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Quartz Daily Brief—Asia edition—Asian interest rates, Disney’s big deals, London’s gentrification, the “menaissance”

By Quartz Staff

What to watch for today

Steady as she goes in Japan. Central-bank watchers aren’t expecting an interest-rate cut at the bank’s monthly policy meeting, but will look out for hints of future changes, after the bank yesterday decided to keep its hefty monetary stimulus going and to downgrade its exports outlook due to waning foreign demand.

A rate cut in Thailand. This could be the month that Thai policymakers cut rates to 2% from the current 2.25%, to juice an economy unsettled by months of political unrest. But the central bank is notoriously unpredictable; it cut the rate in November when anti-government protests began and kept it unchanged at last month’s meeting.

Krispy Kreme’s sticky growth. Analysts expect the US donut company to post fourth-quarter earnings-per-share of $0.13, up from $0.11 year-on-year. Investors will be watching the donut company’s plans, including an update on when its K-Cup coffee packs will hit the market.

Israel’s army turns more religious. Israeli parliamentarians vote on the controversial Equal Service bill, which would draft more ultra-religious Haredi men into the army. Haredim have up to now been exempt from the draft, leading to growing friction with the rest of the Jewish population.

The US extends a hand to Ukraine. Ukraine’s interim president Arseniy Yatsenyuk meets with US president Barack Obama at the White House, in a show of American support for Ukraine against Russia. The two leaders will discuss US financial aid and Ukraine’s recent plea for Western military help.

While you were sleeping

A clothing retailer went shopping. After months of rival takeover bids, Men’s Wearhouse agreed to buy smaller rival Jos. A. Bank for $1.8 billion. The all-cash deal will combine the two largest independent men’s clothing retailers in the US, although neither unveiled plans to close stores or change their names.

A big deal off of YouTube. Disney reportedly may buy Maker Studios, a YouTube network aimed at young adults, for $500 million, giving Disney a big foothold in online video. Maker already counts Time Warner and Elisabeth Murdoch among its investors and a funding round last summer valued it at $300 million

Big moves afoot in Hollywood. In more Disney news, the company said Anne Sweeney, head of its TV division and sometimes called the most powerful woman in Hollywood, will step down in January. That rules her out as a replacement for Disney CEO Bob Iger in 2016. Facebook COO Sheryl Sandberg is a rumored contender.

Pimco’s Bill Gross had another bad day. William J. Popejoy, a trustee of the giant money manager for 23 years, said Pimco founder Bill Gross didn’t deserve his reported $200 million salary. Gross’s reputation has taken hits thanks to recent weak earnings at Pimco and an unflattering article (paywall) or two.

Italy’s biggest bank posted a record loss. UniCredit, Italy’s biggest bank by assets, said it would have to cut 8,500 jobs—or 6% of its workforce—by 2018 after a record annual loss of €14 billion ($19 billion). The bank took a €13.7 billion writedown in 2013 to cover losses from bad loans.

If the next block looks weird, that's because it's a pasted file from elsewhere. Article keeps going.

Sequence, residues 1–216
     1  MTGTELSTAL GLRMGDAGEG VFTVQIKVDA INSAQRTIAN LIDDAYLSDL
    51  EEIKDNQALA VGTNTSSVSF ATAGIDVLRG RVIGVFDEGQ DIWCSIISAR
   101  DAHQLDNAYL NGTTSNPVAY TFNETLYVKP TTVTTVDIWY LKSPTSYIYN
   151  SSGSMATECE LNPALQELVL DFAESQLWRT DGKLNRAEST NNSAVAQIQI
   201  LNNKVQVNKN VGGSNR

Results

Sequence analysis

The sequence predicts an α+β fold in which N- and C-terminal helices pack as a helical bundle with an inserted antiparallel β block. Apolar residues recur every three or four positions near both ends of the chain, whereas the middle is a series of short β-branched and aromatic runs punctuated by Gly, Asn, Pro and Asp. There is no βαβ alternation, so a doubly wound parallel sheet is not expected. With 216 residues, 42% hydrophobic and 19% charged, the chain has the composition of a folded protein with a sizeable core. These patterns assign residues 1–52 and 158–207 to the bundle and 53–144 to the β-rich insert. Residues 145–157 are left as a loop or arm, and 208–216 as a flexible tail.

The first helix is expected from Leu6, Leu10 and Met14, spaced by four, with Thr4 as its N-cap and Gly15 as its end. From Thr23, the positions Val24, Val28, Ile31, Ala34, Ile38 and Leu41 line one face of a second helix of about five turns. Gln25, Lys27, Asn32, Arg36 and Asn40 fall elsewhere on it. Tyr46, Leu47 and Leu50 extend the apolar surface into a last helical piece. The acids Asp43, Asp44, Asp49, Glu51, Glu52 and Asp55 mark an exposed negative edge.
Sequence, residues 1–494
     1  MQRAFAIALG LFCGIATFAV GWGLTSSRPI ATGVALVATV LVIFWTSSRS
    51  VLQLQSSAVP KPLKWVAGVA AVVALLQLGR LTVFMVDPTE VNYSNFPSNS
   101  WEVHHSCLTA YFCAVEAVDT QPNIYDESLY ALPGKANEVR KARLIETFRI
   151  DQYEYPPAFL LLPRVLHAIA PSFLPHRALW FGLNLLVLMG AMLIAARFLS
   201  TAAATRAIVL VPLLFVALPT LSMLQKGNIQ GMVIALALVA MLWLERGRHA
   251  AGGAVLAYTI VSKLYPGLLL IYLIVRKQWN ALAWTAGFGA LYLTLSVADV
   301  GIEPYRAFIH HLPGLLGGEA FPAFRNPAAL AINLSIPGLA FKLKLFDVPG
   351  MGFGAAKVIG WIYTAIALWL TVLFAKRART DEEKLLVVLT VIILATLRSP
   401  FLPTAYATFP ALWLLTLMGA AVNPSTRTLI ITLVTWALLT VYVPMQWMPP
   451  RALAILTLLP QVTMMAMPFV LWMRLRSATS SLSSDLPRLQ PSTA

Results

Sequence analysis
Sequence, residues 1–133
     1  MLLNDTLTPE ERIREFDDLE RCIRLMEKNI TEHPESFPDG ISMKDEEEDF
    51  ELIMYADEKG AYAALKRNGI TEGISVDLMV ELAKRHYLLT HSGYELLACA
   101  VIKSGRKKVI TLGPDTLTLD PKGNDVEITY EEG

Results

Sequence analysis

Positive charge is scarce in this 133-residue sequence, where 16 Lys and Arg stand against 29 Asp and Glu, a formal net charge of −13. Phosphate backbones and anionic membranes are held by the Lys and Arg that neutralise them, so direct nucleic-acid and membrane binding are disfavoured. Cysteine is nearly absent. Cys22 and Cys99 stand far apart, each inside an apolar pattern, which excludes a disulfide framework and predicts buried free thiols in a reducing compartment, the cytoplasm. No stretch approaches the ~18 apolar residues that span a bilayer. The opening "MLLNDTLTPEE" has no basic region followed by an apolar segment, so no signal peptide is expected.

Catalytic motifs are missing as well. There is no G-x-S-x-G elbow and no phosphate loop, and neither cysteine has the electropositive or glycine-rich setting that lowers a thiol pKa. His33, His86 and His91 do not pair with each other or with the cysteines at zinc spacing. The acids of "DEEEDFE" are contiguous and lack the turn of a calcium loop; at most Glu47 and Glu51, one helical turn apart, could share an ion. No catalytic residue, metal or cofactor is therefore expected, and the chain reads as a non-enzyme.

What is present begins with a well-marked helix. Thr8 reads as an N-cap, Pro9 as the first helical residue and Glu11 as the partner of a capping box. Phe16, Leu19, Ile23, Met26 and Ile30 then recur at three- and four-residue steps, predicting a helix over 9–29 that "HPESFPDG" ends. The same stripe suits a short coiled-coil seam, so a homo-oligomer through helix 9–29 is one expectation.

Dubai’s first IPO in five years. Emirates Real-Estate Investment Trust will seek at least 500 million dirhams ($136 million) in Dubai, where home prices are expected to rise 40% this year—a risky rate, some say. Another IPO, for Marka, a retailer, is expected soon.

Quartz obsession interlude

Gwynn Guilford on how a male youth boom could rattle emerging markets. “When there aren’t enough jobs to employ the supply of young men, that can galvanize conflict, argue the analysts—as can stagflation, rising income inequality, unaffordable property, and other problems facing emerging markets. Particularly if they’re unmarried, these young men have less to lose by banding together and committing crimes, unrest or violence. The latter point is a particular concern in China and India, where a cultural preference for boy children has led to sex selection of infants that now means there are tens of millions more young men than young women.” Read more here.

Matters of debate

Ted Cruz is the real-life Frank Underwood. The Texas senator is the most shamelessly Machiavellian player in Washington.

Spritz, the speed-reading app, isn’t for books. Why would you want to rush a novel? It’s for skimming obligatory information, like emails and work documents.

Gentrification is good for London’s startup district. Its opponents just don’t want to be out-gentrified themselves.

Netflix is exaggerating its rivalry with HBO. It plays into Americans’ “love-to-hate” attitude to cable providers.

Surprising discoveries

Men’s clothing is a faster-growing industry than women’s. Euromonitor calls it “the global menaissance.”

Be careful what you say around universities. Some have trademarked phrases including “fast-track MBA,” “first-year experience” and even “student life.”

Don’t look for Malaysia Airlines flight 370 on Google Maps. Google had to remind users that the images could be months old.

The Kremlin’s US PR firm billed it $1.5 million in the second half of 2013. It doesn’t seem to be paying off.

Blue Moon consumption in the US has doubled since 2008. America has been cutting down on beer since the early 1990s, but this one’s bucking the trend.

Our best wishes for a productive day. Please send any news, comments, trademarked phrases, and invoices for the Kremlin to hi@qz.com. You can follow us on Twitter here for updates throughout the day.

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